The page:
Doug Drinkwater
UK Editor

UK’s Levelling Up misses the mark on skills and digital poverty

News Analysis
Feb 09, 2022
GovernmentGovernment IT

The Levelling Up whitepaper sets out the UK government’s vision to improve millions of lives. Whether it goes far enough on skills and digital poverty remains to be seen.

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Credit: Angyalosi Beata/Shutterstock

Levelling Up Secretary Michael Gove announced the 330-page, Levelling Up whitepaper late last week, with the report introducing 12 national ‘missions’ that will look to address geographical, economical and societal inequality.

The report has since drawn recognition and scorn in equal measure, with critics pointing to rehashed elements from Prime Minister Boris Johnson’s 2019 manifesto as well as predecessor Theresa May’s 2018 Industrial Strategy. Levelling up has also been somewhat difficult to define — until now.

“Levelling up means giving everyone the opportunity to flourish,” reads the report, which was littered with typos and accused by critics of lifting copy directly from Wikipedia.

“It means people everywhere living longer and more fulfilling lives, and beneftting [sic] from sustained rises in living standards and well-being,” comments the executive summary of the report.

Across the 12 missions, to be enshrined in law through the Levelling Up and Regeneration Bill by 2030, there’s the intention to close the gap between the highest and lowest performing cities, improve pay, employment and productivity in ‘every area’, to bolster local public transport, devolve powers to local government and boost educational attainment amongst children leaving primary school.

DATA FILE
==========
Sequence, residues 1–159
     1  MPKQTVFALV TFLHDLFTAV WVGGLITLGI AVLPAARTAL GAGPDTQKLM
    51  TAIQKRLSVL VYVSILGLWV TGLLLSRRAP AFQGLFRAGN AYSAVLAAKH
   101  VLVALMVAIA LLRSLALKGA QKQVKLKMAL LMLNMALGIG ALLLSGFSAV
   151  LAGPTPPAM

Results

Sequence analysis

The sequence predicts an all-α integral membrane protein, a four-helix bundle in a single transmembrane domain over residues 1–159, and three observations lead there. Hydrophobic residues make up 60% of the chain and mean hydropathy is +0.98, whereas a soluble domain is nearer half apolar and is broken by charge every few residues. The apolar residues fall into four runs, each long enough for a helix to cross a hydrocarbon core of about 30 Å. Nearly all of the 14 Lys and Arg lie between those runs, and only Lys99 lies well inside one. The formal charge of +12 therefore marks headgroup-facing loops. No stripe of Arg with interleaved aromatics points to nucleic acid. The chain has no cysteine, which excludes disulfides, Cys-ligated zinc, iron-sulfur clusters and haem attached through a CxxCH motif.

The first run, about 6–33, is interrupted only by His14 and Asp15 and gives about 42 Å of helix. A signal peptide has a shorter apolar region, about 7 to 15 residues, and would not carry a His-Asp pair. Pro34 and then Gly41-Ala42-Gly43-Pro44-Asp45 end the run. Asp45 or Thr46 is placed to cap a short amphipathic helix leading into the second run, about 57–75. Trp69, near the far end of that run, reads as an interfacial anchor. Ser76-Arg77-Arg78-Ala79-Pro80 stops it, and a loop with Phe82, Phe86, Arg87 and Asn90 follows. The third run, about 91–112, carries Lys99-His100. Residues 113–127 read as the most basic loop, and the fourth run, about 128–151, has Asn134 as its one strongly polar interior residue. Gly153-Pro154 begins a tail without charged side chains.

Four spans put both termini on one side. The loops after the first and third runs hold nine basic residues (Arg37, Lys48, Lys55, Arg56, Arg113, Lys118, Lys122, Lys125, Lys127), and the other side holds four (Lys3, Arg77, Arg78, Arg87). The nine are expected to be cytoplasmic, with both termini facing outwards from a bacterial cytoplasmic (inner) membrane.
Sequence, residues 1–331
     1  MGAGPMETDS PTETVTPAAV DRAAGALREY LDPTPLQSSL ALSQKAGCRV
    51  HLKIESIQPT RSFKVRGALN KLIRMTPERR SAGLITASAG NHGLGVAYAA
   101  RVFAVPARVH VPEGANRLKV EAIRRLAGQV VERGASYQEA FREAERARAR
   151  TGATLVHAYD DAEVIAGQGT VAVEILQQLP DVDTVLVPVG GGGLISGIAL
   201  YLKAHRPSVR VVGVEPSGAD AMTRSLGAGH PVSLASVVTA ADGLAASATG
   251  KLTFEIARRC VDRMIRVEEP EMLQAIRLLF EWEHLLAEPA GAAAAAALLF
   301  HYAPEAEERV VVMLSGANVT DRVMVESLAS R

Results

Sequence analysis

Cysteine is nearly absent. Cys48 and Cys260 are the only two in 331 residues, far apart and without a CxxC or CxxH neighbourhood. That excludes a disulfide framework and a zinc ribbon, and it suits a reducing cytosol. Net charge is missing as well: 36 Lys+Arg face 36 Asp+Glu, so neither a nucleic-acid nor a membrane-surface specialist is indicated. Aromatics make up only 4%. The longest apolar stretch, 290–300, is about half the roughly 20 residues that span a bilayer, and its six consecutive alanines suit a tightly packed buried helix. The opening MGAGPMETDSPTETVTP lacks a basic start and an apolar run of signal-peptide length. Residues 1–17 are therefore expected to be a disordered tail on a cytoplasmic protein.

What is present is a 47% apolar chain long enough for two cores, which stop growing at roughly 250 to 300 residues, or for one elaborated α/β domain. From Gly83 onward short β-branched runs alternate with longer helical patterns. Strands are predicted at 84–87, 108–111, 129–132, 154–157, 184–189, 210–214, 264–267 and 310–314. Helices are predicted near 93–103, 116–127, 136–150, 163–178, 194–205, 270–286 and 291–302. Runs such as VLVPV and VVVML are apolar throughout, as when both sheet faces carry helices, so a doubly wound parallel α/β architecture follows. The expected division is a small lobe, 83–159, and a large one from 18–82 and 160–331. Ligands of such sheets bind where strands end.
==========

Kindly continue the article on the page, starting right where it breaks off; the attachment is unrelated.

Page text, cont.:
The whitepaper also commits to reducing crime, improving culture and the quality of housing, to regenerate towns and narrow the gap in healthy life expectancy between the best and worst performing areas.

Missing the mark on digital literacy

The Levelling Up whitepaper lightly touches upon technology at various junctures, from Boris Johnson’s foreword promising to use data for improved decision making in the public sector, to increased investments in 4G and 5G and new Innovation Accelerators for start-ups. It does not, however, go into great depth.

The whitepaper does acknowledge that technological progress contributes to opportunities and inequality in equal measure across the UK. “Globalisation, technological progress, advances in transport, logistics and power, and the shift from heavy industry to knowledge-intensive sectors, as well as the rise of foreign holidays and shift from technical training to university education, have had a large and lasting impact on the economic geography of the UK,” reads the whitepaper.

Elizabeth Anderson, the chief operating officer at newly-formed charity Digital Poverty Alliance, saw the whitepaper as making some progress, but not going far enough on digital accessibility.

“There is so much more that government needs to do in its aim to “level up” before 2030, and digital access runs through many of the 12 Missions that Michael Gove has today announced in his White Paper,” says Anderson in a blog post.

“Investing in infrastructure is only one part of the issue – investing in people, their needs and their motivations is as – if not even more – important.”

Anderson specifically calls out Mission 4, a “nationwide gigabit-capable broadband and 4G coverage, with 5G coverage for the majority of the population”, as not tackling broadband affordability and device accessibility. 

She also said that while Mission 1 would look to increase standards in schools, many children still do not have access to the necessary tools and learning resources, and that these lack of digital skills could later impinge on Mission 1’s promise to level up pay and employment.

“The internet is now an essential for many of us in our everyday lives,” writes Anderson. “The pandemic has accelerated this – how we learn; how we gain new workplace skills; how we do our jobs; how we access health care; how we bank; how we shop; even how we report a missed bin collection or pay for a bill. Many of us do this online and we don’t even think about it. 

“But for many people, none of that is a possibility. And how can you imagine how much you are missing out on – knowledge, work opportunities, social interactions, even just easier ways of doing things – if you’ve never been online. Understanding the gap, realising it is real and for a huge number of people, and then addressing this – that is the challenge for government.”